Saudi Arabia gained the most advantages from the summit. �Today the country possesses oil producing facilities with capacity of about three million barrels per day that are not currently in use�, the Russian Trade Representative to Er-Riad, Victor Zhilin explains. �These facilities are ready for mobilisation any moment, once restraining quotes are slackened. Iran which opposed Saudi Arabia has no technical potential to increase production and export fast.� According to the decisions taken, Saudi Arabia will gain almost 600,000 barrels from the production surplus, i.e. just slightly less than half of the entire quote increase for all OPEC countries. Thus, it will produce the former volume, as it had before the quotes were reduced on April 1, 1999.
During the last twenty years, one of the US political priorities was to make OPEC a mechanism of continuous oil production, and, hence, reduction of oil prices: before last year the offer exceeded the demand by 2.5 million barrels per day. Cheap import oil, a consumption share of which came to 53% was extremely important for the US economy in 1990s. Imported oil sold at low prices, the cheapest (about US$ 2 per barrel at real prices of 1970s), since 1992 encouraged the economic growth in the U.S.A. without any serious consequences. In 1998 (the last �cheap� year before prices grew in the last year), falling oil prices reduced the inflation tempo by 0.4%, and increased growth by 0.2% in western countries. This almost compensated for the American losses caused by the economic crisis in Asia. Oil became a key strategic resource, through the manipulation of oil prices it was possible to regulate development tempo of the whole region.
Behind the OPEC decision there is the rigid US position, as the U.S.A. is interested in reducing oil prices to prevent inflation growth in its country. A week before the summit the US Lower Chamber approved a bill on ceasing of state aid to countries �artificially restraining oil prices.�
Tougher methods to press allies in the Persian Gulf were necessary after the US Minister of Energy Bill Richardson's mission had failed. In the late February he went on a tour in countries exporting oil. Referring to a danger of inflation in the U.S.A. due to high oil prices, he asked exporters from Latin America and the Gulf countries to increase production of �black gold�. The US Minister of Defence, William Coan, also made a demonstrative visit to the Gulf. Although with the result that sheikhs agreed to increase production and to reduce prices, they postponed taking a decision until the OPEC summit in March. Kuwait, which had been once protected from Iraq by the U.S.A. was especially thankless. Its government considered reduction of prices to be unnecessary.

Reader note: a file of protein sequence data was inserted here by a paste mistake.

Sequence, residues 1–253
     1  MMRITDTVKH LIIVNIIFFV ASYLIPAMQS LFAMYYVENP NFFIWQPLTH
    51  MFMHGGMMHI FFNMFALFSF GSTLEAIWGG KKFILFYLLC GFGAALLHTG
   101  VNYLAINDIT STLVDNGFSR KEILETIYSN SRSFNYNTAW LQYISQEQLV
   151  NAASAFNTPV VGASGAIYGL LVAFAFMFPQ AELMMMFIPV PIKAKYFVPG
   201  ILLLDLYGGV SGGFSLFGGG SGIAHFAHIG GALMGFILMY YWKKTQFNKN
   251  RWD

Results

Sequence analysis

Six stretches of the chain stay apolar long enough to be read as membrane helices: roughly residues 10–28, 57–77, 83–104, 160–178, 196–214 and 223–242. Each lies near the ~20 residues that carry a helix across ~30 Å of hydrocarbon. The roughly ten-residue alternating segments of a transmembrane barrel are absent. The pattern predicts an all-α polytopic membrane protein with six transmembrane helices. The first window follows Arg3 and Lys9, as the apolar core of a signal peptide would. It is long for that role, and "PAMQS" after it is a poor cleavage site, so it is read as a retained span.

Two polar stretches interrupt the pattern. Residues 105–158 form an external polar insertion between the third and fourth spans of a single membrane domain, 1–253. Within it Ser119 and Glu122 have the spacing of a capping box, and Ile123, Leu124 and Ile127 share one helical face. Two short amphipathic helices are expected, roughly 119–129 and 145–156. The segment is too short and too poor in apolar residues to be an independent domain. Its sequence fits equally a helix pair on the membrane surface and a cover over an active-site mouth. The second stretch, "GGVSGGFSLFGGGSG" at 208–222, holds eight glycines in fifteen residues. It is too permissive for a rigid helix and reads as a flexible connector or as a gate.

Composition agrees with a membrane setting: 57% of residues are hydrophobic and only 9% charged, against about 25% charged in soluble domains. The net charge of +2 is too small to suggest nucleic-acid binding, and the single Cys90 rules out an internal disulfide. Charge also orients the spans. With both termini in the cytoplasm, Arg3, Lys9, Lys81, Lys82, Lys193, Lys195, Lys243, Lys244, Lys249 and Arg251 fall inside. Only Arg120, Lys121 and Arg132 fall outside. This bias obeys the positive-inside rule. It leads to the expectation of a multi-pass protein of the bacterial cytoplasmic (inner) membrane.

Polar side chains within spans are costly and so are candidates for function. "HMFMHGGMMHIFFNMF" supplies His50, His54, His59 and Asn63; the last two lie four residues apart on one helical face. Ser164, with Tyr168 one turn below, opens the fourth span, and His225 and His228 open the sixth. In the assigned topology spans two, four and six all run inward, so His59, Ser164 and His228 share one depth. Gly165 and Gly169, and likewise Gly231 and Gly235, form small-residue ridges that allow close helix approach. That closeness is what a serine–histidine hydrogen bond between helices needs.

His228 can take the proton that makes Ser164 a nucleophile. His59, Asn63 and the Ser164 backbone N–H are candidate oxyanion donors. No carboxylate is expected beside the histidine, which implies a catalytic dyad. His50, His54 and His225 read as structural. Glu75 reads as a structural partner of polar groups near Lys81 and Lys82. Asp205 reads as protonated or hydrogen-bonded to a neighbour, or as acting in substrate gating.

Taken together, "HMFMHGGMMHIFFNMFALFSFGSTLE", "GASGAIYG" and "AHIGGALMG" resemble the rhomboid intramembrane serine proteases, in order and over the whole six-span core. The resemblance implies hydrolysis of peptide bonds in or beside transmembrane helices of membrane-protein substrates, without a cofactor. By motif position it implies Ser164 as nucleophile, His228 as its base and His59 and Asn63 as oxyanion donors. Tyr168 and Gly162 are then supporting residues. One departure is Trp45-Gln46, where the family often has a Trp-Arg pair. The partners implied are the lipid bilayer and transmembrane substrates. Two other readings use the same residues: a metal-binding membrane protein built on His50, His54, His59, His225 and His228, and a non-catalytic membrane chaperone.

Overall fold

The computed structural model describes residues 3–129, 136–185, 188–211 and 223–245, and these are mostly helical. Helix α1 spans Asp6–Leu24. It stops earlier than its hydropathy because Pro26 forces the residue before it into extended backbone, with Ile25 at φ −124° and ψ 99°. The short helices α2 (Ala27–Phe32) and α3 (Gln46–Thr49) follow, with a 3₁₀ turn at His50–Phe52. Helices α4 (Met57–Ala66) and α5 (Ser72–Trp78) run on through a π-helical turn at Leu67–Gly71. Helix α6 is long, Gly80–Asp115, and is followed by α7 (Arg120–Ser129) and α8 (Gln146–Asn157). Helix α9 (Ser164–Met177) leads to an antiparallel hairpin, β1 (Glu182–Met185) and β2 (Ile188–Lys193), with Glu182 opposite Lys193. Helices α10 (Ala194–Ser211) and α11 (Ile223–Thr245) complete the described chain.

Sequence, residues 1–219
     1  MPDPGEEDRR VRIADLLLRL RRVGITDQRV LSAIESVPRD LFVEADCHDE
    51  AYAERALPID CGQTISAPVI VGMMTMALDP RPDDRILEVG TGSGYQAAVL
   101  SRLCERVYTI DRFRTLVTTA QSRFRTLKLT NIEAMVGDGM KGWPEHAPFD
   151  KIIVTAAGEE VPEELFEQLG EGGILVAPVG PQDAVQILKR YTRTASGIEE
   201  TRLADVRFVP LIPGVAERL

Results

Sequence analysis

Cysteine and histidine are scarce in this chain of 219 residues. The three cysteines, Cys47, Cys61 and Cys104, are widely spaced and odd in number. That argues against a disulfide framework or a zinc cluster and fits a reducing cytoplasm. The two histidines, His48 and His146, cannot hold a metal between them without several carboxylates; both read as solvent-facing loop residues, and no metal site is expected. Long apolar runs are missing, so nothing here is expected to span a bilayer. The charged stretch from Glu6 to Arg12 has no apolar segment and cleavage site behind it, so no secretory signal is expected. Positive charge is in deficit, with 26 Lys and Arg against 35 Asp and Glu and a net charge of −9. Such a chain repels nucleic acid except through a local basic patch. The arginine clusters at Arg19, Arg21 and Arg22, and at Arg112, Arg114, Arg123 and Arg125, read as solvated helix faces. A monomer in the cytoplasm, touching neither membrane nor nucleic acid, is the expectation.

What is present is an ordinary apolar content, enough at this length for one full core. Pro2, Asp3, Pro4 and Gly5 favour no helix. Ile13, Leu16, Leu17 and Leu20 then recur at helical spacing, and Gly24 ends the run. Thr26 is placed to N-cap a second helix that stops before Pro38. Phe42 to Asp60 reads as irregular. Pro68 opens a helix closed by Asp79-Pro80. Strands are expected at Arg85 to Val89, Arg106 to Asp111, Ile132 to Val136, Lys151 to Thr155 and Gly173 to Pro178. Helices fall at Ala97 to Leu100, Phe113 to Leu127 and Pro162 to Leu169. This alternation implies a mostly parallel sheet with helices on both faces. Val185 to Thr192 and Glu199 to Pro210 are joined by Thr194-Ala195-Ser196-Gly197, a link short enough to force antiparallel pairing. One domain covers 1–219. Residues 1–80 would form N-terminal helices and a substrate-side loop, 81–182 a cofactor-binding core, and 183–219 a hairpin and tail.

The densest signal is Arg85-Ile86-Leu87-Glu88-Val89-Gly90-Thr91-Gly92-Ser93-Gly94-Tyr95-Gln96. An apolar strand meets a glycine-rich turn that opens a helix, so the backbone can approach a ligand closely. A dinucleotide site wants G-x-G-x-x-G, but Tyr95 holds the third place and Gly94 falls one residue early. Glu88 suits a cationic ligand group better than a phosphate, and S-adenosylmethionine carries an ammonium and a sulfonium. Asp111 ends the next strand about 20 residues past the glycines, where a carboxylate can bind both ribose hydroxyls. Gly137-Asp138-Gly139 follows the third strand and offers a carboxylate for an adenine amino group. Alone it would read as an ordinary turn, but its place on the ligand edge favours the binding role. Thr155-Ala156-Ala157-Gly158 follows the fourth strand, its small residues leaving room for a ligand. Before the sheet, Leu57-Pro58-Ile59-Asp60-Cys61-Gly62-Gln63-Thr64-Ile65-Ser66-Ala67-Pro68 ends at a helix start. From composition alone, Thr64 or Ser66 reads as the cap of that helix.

Commentaries on disagreements inside OPEC cannot dispute the fact that the efficiency of joint operations of the members of the cartel, has recently grown. So, in March 1999 oil exporters managed to take a decision on reduction of oil production (from 28 to 24 million barrels per day) and the quotas were met via strict controls. The unprecedented growth of oil prices following the reduction of production, allowed OPEC members to believe in the importance of their organisation and efficiency of their common decisions again.
The steadfastness of the OPEC countries has made oil exporters not included in the organisation, such as Norway and Mexico, support the OPEC. Even after September 1999 when the OPEC countries decided to keep a low production level, most non-member countries of the organisation did not increase their production unilaterally. This helped to save the unity and strengthen positions of the oil producing countries in the world market. Bill Richardson's diplomacy also has not resulted in a split of the �oil alliance�. Even Mexico, closely integrated with the U.S.A. within NAFTA preferred to wait for a common decision on the increase of production.
High prices have changed the correlation of forces between national companies of the Persian Gulf countries and big foreign companies. Now ironically, it is not the Arabians that had to appeal for investments to oil giants, but the latter had to seek favour from the Arabian governments. The story of forcing the Japanese company, Arabian Oil, out from the neutral zone between Saudi Arabia and Kuwait, where it had been producing oil, has become characteristic. A condition for prolonging the production concession, proposed by the Japanese company, was the financing of railway building in Saudi Arabia to the tune of US$ 1 billion. The Japanese company have not done this and Arabians have refused to prolong the concession to them.